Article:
Testing async Methods in C# 5
Last week I promised that I'd write a blog post on using Assert.ThrowsException() to test async methods. Before I get to that, let's go over some of the other issues that come up with testing async methods. First, let's look at a test to verify that an async method works correctly:   public async Task<string> GetMessage(string user) {      return await Task.FromResult(string.Format("Hello {0}", user)); }   One test that works could be written like this:   [TestMethod] public void SimplePathTest() {     var worker = new Worker();     var answer = worker.GetMessage("unit tests").Result;     Assert.AreEqual("Hello, unit tests", answer); }   I don’t like writing tests like that.  Calling “.Result” on a task is a code smell.  The test method blocks until the result is available. That’s probably OK in a test method (more on that in future blog posts), but I’m still concerned. Developers often copy code from unit tests into production code. (I’ve done it myself when I’m learning how a library works.)  For that reason, I want my unit tests for follow the practices I would use in production code. That means I want to ‘await’ the result, not block for it. You might try reworking the test like this: [TestMethod] public async void SimplePathTest() {      var worker = new Worker();      var answer = await worker.GetMessage("unit tests");      Assert.AreEqual("Hello, unit tests", answer); }   You’ll see one of two results from this change:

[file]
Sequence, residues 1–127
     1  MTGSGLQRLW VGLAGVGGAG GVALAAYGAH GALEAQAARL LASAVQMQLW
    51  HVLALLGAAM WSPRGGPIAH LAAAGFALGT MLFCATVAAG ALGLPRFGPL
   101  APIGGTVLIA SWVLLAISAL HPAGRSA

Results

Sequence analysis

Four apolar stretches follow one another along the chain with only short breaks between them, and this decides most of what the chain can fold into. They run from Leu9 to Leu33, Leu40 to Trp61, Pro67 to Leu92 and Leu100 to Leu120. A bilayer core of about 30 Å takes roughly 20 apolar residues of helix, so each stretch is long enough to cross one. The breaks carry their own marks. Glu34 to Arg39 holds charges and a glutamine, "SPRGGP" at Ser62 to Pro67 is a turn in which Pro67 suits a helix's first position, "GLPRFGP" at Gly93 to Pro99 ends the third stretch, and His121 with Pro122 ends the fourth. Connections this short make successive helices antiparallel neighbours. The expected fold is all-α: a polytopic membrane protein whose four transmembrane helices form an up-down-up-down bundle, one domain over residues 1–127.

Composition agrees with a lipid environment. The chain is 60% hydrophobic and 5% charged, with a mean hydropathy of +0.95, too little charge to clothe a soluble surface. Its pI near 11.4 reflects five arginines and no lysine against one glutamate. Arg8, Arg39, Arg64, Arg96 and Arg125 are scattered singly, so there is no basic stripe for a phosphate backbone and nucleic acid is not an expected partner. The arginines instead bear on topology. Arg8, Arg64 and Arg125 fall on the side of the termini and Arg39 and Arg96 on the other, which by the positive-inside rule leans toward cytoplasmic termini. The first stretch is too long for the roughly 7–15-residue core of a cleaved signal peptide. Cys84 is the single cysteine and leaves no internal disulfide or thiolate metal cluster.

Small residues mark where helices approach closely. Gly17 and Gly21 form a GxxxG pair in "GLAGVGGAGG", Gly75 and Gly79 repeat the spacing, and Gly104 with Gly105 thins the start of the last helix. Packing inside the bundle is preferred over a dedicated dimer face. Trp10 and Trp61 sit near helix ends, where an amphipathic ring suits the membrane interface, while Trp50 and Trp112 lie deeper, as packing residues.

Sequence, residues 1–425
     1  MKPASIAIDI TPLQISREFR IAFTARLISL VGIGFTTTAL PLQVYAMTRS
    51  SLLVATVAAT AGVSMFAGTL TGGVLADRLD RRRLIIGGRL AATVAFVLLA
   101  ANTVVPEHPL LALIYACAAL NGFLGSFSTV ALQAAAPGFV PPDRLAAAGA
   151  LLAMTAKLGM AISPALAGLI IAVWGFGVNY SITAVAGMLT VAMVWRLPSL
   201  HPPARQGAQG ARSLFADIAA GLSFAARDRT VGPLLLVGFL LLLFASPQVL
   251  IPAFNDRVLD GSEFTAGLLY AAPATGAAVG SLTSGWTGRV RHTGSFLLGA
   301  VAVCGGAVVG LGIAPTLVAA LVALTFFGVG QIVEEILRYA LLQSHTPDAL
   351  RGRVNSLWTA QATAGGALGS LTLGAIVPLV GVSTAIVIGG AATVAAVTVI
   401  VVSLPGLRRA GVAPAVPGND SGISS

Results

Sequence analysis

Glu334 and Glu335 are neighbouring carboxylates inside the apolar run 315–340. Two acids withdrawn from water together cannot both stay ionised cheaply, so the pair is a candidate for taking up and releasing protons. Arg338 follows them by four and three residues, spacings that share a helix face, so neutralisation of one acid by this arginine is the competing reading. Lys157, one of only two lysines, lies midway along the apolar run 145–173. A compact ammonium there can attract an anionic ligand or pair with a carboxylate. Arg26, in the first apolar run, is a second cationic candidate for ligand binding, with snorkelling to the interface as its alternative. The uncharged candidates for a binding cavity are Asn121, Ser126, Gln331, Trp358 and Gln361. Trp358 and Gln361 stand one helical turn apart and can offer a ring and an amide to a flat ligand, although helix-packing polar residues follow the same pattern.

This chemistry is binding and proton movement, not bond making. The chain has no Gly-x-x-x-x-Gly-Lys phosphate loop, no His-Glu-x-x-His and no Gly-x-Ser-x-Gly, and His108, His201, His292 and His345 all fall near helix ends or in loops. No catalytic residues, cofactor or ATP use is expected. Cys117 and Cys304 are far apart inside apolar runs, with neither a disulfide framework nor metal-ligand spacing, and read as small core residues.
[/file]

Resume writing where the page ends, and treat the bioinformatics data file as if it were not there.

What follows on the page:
• You may see that test disappear from your list of unit tests.
  • You may run the test and find that results are not reported for any code that follows the first ‘await’.
I actually prefer the first, because you’ll quickly figure out that there’s a problem. The problem is that you have an async method that has the void return type. There’s no Task returned for the test runner to examine for any exceptions that were thrown. If your test fails and the Assert expressions throw exceptions, no code is there to receive the exception and report the test failure. If you are using MSTest, or XUnit, you can fix this problem by declaring your async tests with the Task return type: [TestMethod] public async Task SimplePathTest() { var worker = new Worker();      var answer = await worker.GetMessage("unit tests");      Assert.AreEqual("Hello, unit tests", answer); } That’s it.  Now, your async tests are using the idioms that you’d want people to use in production code. Above I mentioned that this idiom is supported for XUnit and MSTest. NUnit 2.6.2 adds this support as well.  I haven’t had the chance to work with the latest version yet. I’ll write more blog entries about NUnit support for async tests as I work with them. Next time, I’ll finally answer that comment about how to test async methods that throw exceptions with a ThrowsException<> style expression.
Created: 1/21/2013 7:38:43 PM

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